Nothing more wonderfully beautiful can exist than the arctic night. It is a dreamland, painted in the imagination’s most delicate tints; it’s colour etherealised. One shade melts into the other, so that you cannot tell where one shade ends and the other begins, and yet they are all there. No forms- it is all faint, dreamy colour music, a far away, long-drawn-out melody on muted strings. Is not all life’s beauty high, and delicate, and pure like this night?
Fridtjof Nansen, Farthest North
Perhaps the most intriguing aspect of the arctic night is the northern lights, the great Aurora Borealis. Described by the great arctic explorer Fridtjof Nansen as “harp music, wildly storming in the darkness.. and again, at times, it is like soft-playing, gently-rocking, silvery waves, on which dreams travel into unknown worlds” the glory of the aurora never fails to inspire awe, emotion, deep thoughts and deeper questions. Captain Robert Falcon Scott echoed this thought in his journal-
There is infinite suggestion in this phenomenon, and in that lies its charm; the suggestion of life, form, colour, and movement never less than evanescent, mysterious, -no reality. (Scott’s Last Expedition)
We were leaving the airport with a man who told us he had grown up in Minnesota and watched the northern lights as a child. Then, as if to sum up all his conclusions on the matter, he said, “makes you realize we’re not alone out there” making quite plain that he was referring to God. That is what the aurora does, plucks the chords of human spirituality within each of us in a way that one cannot easily escape from.
Under the inspiration of the aurora’s “glittering cloak” Fridtjof Nansen wrote-
I have never been able to grasp the fact that this earth will someday be spent and desolate and empty. To what end, in that case, all this beauty, with not a creature to rejoice in it?
Had he been a Bible reader he no doubt would have taken comfort in the fact recorded at Isaiah 45:18 that the earth was created, not for nothing, but to be inhabited. Or Psalm 37:29 that says that “the righteous will posses the earth, and live forever upon it.” No, the earth and it’s beauty will not be spent, it will not become desolate nor empty. The earth is our inheritance and it’s creature will rejoice in it forever. If you haven’t come to know this from the book of scriptures this fact will be imparted to you through the book of creation like it was for Nansen.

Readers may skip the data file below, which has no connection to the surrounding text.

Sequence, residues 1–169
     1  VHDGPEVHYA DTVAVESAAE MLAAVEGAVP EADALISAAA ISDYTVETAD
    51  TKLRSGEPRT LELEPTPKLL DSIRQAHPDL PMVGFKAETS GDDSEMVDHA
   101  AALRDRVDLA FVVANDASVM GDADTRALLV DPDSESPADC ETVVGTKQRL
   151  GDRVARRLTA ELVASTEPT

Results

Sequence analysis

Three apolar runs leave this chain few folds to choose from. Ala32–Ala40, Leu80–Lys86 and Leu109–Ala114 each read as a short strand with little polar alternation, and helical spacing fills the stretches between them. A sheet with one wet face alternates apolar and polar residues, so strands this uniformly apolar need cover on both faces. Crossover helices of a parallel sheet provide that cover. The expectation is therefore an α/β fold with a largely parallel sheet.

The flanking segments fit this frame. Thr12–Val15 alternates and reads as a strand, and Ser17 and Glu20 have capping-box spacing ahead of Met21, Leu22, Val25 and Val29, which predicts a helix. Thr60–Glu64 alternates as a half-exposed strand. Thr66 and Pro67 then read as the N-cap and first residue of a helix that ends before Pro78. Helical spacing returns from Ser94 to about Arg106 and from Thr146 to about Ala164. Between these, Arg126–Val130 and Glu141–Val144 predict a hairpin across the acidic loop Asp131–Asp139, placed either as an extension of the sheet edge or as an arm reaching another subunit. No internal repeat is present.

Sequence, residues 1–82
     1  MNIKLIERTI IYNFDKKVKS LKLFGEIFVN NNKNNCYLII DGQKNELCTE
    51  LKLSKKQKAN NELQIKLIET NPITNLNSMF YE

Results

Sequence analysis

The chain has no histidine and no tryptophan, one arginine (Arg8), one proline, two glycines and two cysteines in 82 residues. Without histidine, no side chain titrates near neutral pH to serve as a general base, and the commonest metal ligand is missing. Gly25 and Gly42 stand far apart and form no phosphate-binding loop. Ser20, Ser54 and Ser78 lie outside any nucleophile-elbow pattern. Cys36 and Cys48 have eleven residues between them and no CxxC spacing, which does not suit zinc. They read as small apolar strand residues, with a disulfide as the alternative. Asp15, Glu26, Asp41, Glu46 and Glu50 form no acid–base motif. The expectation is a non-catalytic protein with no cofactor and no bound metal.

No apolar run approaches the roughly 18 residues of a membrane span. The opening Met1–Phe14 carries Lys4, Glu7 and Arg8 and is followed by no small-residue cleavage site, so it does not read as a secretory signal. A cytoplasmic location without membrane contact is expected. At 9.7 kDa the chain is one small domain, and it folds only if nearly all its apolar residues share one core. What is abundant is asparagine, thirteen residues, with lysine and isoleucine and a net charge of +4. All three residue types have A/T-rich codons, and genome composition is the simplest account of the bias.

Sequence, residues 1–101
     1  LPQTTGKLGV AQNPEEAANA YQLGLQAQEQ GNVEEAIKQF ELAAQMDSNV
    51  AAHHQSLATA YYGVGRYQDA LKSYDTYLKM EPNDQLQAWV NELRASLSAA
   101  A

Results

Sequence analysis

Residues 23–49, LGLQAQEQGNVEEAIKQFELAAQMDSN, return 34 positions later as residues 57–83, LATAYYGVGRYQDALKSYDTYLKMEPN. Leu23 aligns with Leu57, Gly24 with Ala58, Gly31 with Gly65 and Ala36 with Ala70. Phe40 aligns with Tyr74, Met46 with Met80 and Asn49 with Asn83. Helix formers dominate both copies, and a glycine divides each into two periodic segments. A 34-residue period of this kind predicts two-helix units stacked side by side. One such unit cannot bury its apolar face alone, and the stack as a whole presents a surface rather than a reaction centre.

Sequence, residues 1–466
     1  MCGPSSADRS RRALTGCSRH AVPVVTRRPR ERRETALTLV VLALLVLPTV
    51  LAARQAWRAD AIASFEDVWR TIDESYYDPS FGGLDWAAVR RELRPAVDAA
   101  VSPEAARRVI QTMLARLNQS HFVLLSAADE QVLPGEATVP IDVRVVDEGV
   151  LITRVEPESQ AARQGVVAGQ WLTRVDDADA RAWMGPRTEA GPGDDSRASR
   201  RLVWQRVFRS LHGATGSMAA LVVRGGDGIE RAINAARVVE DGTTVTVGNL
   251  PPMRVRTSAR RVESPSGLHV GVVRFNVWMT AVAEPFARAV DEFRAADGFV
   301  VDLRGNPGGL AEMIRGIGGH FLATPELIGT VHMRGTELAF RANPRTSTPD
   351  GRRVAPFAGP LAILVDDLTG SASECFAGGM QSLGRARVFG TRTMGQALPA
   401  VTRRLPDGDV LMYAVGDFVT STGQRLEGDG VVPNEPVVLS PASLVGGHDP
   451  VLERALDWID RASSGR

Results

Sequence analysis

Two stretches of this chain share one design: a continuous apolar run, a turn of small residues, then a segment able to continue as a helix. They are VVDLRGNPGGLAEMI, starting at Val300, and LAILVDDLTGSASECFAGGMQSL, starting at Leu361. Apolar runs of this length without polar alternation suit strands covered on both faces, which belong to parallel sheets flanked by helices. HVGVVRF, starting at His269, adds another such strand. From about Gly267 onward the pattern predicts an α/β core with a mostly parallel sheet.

I put the rest of my pictures of Aurora Borealis here, on their very own page.
The lakes are something which you are unprepared for; they lie up so high, exposed to the light, and the forest is diminished to a fine fringe on their edges, with here and there a blue mountain, like amethyst jewels set around some jewel of the first water, – so anterior, so superior, to all the changes that are to take place on their shores, even now civil and refined, and fair as they can ever be. -Henry David Thoreau
Henry David Thoreau, I decided, is my friend because he was Ralph Waldo Emerson’s friend and that guy is my bestie so a friend of a friend is my friend too. Emerson wrote that the sky is the eyes daily bread and truly, everyday when I look outside I remember this because there is something amazing up there every time. The night sky is especially dear to me. Psalm 19:1 says “The heaven are declaring the glory of God; and the work of his hands the expanse is telling.” I think it is amazing that no matter where you live or how much money you have or how smart you are you can look at the night sky with appreciation; even if you have nothing, the sky is there for you every day. It is so big, and yet not empty. It is full of activity and energy that makes you realize that what you are dealing with is insignificant, yet you are not. When you take the time to look around you can easily see that our universe was designed as a perfect place for humans, there are so many things built in to help us deal with and enrich our lives like the sky for calmness, helping us to see the bigger picture and giving us a glimpse of unimaginable glory, or lakes for clear thinking and introspection.
A lake is the landscape’s most beautiful and expressive feature. It is earth’s eye; looking into which the beholder measures the depth of his own nature. -Henry David Thoreau
My goal is to take more time to fully appreciate the area that I live. Since I see it everyday it can be passed over and taken for granted a little bit and I don’t want to be like that. This is explained more thoroughly in the ‘about’ section if you haven’t read that and are at all interested.
My friend Nikita Van Putten had the great idea of driving up to a lake in Rocky Mountain National Park to photograph the super moon last saturday. I never really figured out how to get a good picture of the moon so don’t get your hopes up. I did however take these of Lily Lake. It was really cold and windy, but also amazing. We were the only ones out there (perhaps because we weren’t supposed to be?) in the very dark. This was my first time doing long exposures and night photography. The first picture is my favorite of the night, and also the very first one I took.